* Whip up a double berry tofu shake for breakfast: blend 1/2 cup blueberries (8.2 g) and 1/2 cup strawberries (3.6 g) with 6 oz. soft tofu (4.7 g), 2 ice cubes, and 1 teaspoon vanilla extract (0 g). Sweeten with 1 teaspoon Splenda (0 g) = 16.5 g net carbs.
* Spread 2 tablespoons peanut butter (4.3 g) and 2 tablespoons sugar-free apricot jam (3.2 g) on 2 slices of crisp bread (10 g) = 17.5 g net carbs.
* For a light snack, enjoy the natural sweetness of fresh fruit: 1 cup raspberries (6 g), 1/2 cup honeydew melon (7.2 g), 1/2 cup pineapple (8.6 g), 1 cup watermelon (10.4), 1 cup papaya (11.2 g), 1/2 cup mango (12.6 g), 1 medium orange (12.9 g), 1 cup cherries. (16.8 g), 1 medium apple (17.3 g), 1 cup green grapes (26.8 g).
Tip: A half-cup portion of soft tofu contains 3.1 g net carbs, 5.4 g protein and 37.5 mg isoflavones, which may reduce the risk of osteoporosis and heart disease. Try replacing all or part of the cream in cream soups with soft tofu. You can also substitute pureed tofu for part of the mayonnaise, sour cream, cream cheese, or ricotta cheese called for in salad dressings, dips and spreads.
Note: All carb counts are listed in net carbs: total carbohydrates less fiber, glycerine, sugar alcohol, and polydextrose.
All carb counts are taken from Atkins' Carbohydrate Counter, The Complete Book of Food Counts by Corinne T. Netzer, or from the nutrition label on packaged foods.
Sheri Strykowski is a freelance journalist who specializes in health, fitness and lifestyle. Her articles have appeared in The Chicago Tribune, Lerner newspapers and National Safety Council publications. She is also a content expert who has built more than 40 Web sites for a Fortune 100 company.
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LOW CARB DIETS--GOOD OR BAD?
A new study from scientists in the US found that when women went on low or zero-carb diets they performed worse on thinking and memory tests compared to reducing calories without reducing carbohydrates. When they put carbs back into their diet, their thinking and memory skills went back to normal. The study was the work of researchers from the psychology department of Tufts University in Medford, Massachusetts. It is published in the February 2009 journal Appetite and is already available to view online.
Dr Holly Taylor, professor of psychology at Tufts and corresponding author of the study, said the findings showed that: "The food you eat can have an immediate impact on cognitive behavior. The popular low-carb, no-carb diets have the strongest potential for negative impact on thinking and cognition."
Taylor's co-authors and research colleagues were Professor Robin Kanarek, former undergraduate Kara Watts and research associate Kristen D'Anci.
Our brain cells need glucose to work, but they have no way of storing it so they rely on a continuous supply via the bloodstream. The researchers had a hunch that reducing carbohydrate intake would reduce the body's ability to keep the brain supplied with glucose and therefore affect cognition, since glucose comes from breaking down carbohydrates.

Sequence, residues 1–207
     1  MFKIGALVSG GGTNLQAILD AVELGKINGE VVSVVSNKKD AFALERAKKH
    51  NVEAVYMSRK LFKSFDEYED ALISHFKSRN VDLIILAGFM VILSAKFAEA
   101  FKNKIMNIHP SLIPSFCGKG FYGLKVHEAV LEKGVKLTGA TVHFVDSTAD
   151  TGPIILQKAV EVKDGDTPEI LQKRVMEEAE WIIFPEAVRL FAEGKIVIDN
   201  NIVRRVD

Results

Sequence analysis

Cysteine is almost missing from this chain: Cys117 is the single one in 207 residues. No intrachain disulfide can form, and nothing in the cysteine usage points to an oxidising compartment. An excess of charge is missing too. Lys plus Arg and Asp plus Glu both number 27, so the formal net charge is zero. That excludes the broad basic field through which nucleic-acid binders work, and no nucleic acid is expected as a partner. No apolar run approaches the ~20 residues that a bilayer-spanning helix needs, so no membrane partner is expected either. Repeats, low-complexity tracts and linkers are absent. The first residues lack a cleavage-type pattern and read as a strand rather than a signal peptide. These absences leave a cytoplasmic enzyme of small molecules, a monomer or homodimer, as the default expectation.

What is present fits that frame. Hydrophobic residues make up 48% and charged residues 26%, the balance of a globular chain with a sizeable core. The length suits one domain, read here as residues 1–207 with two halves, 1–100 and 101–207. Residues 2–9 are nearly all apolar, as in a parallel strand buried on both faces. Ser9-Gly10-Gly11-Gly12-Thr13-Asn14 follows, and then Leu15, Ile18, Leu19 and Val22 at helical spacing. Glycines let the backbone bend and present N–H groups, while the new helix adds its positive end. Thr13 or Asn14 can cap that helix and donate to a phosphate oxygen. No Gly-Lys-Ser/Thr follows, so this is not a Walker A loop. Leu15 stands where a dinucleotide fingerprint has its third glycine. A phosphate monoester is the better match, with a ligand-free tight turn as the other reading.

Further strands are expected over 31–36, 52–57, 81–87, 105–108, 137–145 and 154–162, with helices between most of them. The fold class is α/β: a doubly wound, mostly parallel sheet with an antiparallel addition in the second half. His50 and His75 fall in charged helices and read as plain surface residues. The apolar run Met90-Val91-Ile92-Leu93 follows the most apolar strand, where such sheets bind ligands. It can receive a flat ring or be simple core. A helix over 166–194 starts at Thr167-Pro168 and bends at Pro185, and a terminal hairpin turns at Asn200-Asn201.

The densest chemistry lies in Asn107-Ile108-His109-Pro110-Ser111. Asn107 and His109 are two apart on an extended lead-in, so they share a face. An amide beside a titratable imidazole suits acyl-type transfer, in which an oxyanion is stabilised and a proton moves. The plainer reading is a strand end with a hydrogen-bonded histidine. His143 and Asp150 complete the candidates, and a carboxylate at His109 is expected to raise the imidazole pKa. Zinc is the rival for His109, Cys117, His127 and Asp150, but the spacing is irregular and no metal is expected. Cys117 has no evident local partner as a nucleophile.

For the study, Taylor and colleagues recruited 19 women aged 22 to 55 and let them each choose to go on either a low carb or low calorie diet as recommended by the American Dietetic Association. Nine of them chose the low carb diet and the other 10 chose the low calorie diet. Altogether the participants attended five assessment sessions. Session 1 was just before they started on their chosen diet, sessions 2 and 3 were during the first week of dieting (when the low-carb dieters eliminated carbohydrates), and sessions 4 and 5 were in weeks 2 and 3, after the low-carb dieters started eating carbohydrates again.
During the assessment sessions the dieters performed a range of tests that measured attention, short and long term memory, visual attention and spatial memory. They also answered questions about how hungry they felt and their mood. The results showed that:
Low carb dieters showed a gradual decrease on memory tasks compared with low-calorie dieters.
Taylor said: "Although the study had a modest sample size, the results showed a clear difference in cognitive performance as a function of diet. The data suggest that after a week of severe carbohydrate restriction, memory performance, particularly on difficult tasks, is impaired." Taylor also explained that: "Although this study only tracked dieting participants for three weeks, the data suggest that diets can affect more than just weight. The brain needs glucose for energy and diets low in carbohydrates can be detrimental to learning, memory, and thinking," she concluded.
Reaction time for the low-carb dieters was slower, and their visual-spatial memory was not as good as that of the low-calorie dieters.
But low-carb dieters responded better than low-calorie dieters in the attention-vigilance tasks.
This last result is consistent with previous studies that found people on high protein or high fat diets showed short term improvements in attention.
Hunger levels did not vary between the two diet groups, and the only difference in mood was that the low-calorie dieters felt more confusion during the middle period of the study.